closedWithin two years of a new Walmart coming to town, local shops within a twenty-mile radius see sales decline by 25-60%. These kinds of losses lead to the closing of small-town stores, leaving residents with fewer shopping options. The success of a big-box store can substantially increase the distance people have to drive for groceries. My hometown now has only one grocery store, but they are lucky. Many small towns don’t have any grocery stores at all anymore.

Not only have they lost their local shopping options, they’ve lost a large chunk of their supportive infrastructure: Local merchants provide more stable work environments, are more supportive of local social programs, initiatives, and community affairs in general.

So it happened. Most of Main Street went away, to the detriment of the local residents both in terms of convenience and livelihood. Why do we do this? According to Roberts, it has a lot to do with intertemporal decision making. In short, immediate desire often trumps delayed gratification. Less and less are we willing to put off until tomorrow what we can have today, even if we can’t afford it (that’s what credit is for). I’m giving it short shrift—there’s so much more there.

The Impulse Society is fascinating reading, looking at our increasing self-preoccupation and its relation to marketing, economics, culture, politics, digital technology, friendship networks, and power (a mere starter list). I expect I’ll fill you in more as I continue. It’s that kind of book. In the meantime, I’m going to work towards being more of a customer, and less of a consumer.

December Reprise

December was an indoor month, with cooking and baking, writing Christmas cards and making Christmas gifts, and, unfortunately, the flu. I also read 15 books in December, 6 each of nonfiction and poetry, and 3 novels. Most of the books were mediocre (possibly due more to my mood and my busyness rather than the books themselves). The only book I feel compelled to rave about is The Really Short Poems of A. R. Ammons, and I’ve already written about it. But in case you missed that post, here is an additional poem from the book that I loved:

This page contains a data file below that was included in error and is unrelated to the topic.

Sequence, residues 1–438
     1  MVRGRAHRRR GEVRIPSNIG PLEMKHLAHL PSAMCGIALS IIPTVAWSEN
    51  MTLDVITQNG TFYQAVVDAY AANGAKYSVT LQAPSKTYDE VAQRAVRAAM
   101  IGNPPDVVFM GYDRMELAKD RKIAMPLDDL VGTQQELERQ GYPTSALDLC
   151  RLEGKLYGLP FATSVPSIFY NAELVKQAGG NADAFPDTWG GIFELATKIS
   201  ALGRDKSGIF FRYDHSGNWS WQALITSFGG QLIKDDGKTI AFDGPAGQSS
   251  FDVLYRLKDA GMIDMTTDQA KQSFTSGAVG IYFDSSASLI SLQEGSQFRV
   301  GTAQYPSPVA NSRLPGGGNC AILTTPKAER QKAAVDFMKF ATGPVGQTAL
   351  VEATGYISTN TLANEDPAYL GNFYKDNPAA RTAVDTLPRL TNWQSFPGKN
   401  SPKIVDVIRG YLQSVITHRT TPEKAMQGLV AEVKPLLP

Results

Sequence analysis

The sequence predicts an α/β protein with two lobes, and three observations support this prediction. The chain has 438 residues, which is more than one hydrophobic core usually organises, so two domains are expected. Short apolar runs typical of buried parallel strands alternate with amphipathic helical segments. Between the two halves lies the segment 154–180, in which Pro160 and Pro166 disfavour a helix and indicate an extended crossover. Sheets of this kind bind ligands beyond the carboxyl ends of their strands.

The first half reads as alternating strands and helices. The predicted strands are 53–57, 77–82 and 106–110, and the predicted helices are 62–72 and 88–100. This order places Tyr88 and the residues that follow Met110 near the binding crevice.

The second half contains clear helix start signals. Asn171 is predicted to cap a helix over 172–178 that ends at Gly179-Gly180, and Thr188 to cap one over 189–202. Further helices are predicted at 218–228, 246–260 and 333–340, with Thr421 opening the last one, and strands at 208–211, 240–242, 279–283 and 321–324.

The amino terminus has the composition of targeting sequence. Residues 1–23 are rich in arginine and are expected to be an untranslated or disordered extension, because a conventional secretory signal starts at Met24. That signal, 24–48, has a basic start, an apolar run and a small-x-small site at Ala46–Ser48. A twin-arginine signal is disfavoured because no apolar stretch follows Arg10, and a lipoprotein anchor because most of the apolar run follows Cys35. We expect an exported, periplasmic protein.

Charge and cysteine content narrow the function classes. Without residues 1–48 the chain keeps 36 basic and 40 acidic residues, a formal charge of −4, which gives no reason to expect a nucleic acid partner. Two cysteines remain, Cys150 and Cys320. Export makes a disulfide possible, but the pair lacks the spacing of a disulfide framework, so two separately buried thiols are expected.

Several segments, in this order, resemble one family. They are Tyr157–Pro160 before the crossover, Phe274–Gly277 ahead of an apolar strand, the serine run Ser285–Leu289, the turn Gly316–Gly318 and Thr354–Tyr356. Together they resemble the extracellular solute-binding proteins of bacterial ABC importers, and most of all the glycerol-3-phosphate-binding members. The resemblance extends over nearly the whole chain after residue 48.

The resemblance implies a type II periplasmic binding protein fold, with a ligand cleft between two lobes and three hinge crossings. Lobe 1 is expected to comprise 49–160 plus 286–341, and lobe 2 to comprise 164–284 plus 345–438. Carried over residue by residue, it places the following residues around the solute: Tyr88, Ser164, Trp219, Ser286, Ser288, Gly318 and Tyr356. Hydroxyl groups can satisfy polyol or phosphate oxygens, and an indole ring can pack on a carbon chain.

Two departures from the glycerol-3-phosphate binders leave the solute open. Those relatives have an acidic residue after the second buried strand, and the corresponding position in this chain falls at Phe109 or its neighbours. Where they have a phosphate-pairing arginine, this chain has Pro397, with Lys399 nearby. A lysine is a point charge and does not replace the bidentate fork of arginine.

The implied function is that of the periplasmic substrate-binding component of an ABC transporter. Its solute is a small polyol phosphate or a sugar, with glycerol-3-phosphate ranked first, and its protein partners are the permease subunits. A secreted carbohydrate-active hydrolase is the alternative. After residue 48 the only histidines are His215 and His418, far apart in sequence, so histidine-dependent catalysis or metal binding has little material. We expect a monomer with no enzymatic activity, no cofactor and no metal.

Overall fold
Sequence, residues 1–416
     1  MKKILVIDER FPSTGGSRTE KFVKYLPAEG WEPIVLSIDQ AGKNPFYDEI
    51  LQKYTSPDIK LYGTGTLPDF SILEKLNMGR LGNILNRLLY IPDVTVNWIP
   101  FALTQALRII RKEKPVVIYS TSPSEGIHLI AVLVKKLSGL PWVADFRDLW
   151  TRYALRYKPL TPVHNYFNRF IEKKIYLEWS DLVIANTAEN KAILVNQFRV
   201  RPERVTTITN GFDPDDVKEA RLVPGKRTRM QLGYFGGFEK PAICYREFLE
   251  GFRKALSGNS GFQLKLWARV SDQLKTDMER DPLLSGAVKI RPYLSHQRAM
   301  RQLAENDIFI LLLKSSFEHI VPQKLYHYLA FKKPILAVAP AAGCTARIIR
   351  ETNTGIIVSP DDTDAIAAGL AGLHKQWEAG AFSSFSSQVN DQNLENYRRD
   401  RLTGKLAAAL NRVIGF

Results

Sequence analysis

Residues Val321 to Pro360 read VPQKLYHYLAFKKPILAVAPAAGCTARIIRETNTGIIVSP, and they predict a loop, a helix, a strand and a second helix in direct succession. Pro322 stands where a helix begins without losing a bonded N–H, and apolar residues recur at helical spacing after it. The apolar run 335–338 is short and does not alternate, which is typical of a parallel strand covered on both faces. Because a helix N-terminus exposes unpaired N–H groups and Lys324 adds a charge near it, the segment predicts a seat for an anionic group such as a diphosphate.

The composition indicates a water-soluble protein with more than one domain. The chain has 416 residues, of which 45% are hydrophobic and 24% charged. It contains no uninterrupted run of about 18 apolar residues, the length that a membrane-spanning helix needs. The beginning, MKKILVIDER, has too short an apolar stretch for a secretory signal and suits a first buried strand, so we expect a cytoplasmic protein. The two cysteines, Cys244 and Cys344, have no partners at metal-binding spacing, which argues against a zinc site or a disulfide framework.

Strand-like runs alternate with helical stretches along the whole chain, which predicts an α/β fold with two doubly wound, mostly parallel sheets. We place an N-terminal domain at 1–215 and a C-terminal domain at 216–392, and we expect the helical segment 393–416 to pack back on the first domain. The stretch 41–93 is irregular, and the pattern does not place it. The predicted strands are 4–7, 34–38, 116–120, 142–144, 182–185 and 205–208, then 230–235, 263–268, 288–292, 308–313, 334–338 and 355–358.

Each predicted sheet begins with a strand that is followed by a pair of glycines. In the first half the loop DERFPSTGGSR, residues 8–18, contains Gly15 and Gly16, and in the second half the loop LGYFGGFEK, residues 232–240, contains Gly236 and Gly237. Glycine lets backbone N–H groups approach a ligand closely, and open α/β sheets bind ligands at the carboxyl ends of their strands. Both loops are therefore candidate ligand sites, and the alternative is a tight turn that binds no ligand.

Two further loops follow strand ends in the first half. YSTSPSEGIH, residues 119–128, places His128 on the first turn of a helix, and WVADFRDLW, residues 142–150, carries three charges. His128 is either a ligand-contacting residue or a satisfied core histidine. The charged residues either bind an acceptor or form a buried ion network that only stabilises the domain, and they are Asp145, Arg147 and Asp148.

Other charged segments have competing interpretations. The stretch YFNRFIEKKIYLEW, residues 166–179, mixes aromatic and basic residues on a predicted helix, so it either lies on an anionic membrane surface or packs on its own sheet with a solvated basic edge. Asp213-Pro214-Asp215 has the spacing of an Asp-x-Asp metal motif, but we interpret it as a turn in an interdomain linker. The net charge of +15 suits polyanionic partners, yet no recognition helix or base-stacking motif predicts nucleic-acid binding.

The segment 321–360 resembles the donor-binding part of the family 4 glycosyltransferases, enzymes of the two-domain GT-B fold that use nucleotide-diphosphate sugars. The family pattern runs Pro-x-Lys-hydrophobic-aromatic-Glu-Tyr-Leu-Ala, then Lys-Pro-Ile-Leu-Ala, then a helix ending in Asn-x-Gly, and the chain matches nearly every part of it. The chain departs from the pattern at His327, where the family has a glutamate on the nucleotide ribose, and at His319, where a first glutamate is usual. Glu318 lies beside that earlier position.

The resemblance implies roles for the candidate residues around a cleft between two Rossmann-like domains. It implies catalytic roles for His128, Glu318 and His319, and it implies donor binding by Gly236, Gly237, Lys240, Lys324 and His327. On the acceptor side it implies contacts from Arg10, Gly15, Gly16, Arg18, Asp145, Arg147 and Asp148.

Crow Ride

When the crow
lands, the
tip of the sprung spruce

bough weighs
so low, the
system so friction-free,

the bobbing lasts
way past any
interest in the subject.

–A. R. Ammons

I love poetry that makes me laugh.

potatoesI did quite of a bit of cooking in December, but nothing new or challenging: ginger jam, applesauce, tuna hotdish (vastly improved with buttermilk), roasted red potatoes with rosemary, peanut butter cookies (with Hershey kisses), oatmeal raisin cookies, apple-cranberry crisp, spaghetti, chicken adobo, meatloaf, roasted vegetables, and red fruit salad. And I have indeed decided to go ahead with my “learn how to make one new thing each month” project, even though I haven’t identified the particular 12 items. I have only decided for certain on beef stroganoff for January. I do have a list of ideas, but I also like the idea of being flexible, leaving space for context, whimsy, and inspiration.

I didn’t do a lot of herbal work in December—merely decanted a few items (hops tincture, St. Johns’ Wort oil, and St. John’s Wort tincture). There were also herbs in a number of the Christmas gifts I made, but since we missed Christmas and the gifts are still to be given, and some of my family occasionally read this blog, I will not elaborate for now. Suffice it to say I had a very fine day of making and packaging gifts.

I continued the Haiku Project in December—my 14th month! I’ve enjoyed it so much I’ve decided to continue, and Lori (my Montana friend) has happily agreed to continue collecting them for me. I’m looking forward to growing my poetry in the coming year. I want to explore other poetry forms (starting with the triolet). I guess I will have to rename it the Poetry Postcard Project. As you might guess, I am particularly interested in short forms which lend themselves to postcards.

MNI’ve also continued the Obama postcard project (28 cards so far) and will definitely continue that in 2015. I think it’s important that our public officials hear from us, and if a few other people read your ideas along the way, all the better.

December was a month of minor mishaps: my car battery died (again), the dryer started making a horrible racket (now repaired), the cat peed on my chair, and we had the flu on Christmas Day.

snow treesThe biggest thing that happened in December was the Winter Solstice. Finally the days are getting longer, and I like to think that I can already notice it. We had a brown Christmas, but on December 27 we woke up to five inches of fluffy snow. Beautiful.

Still beautiful.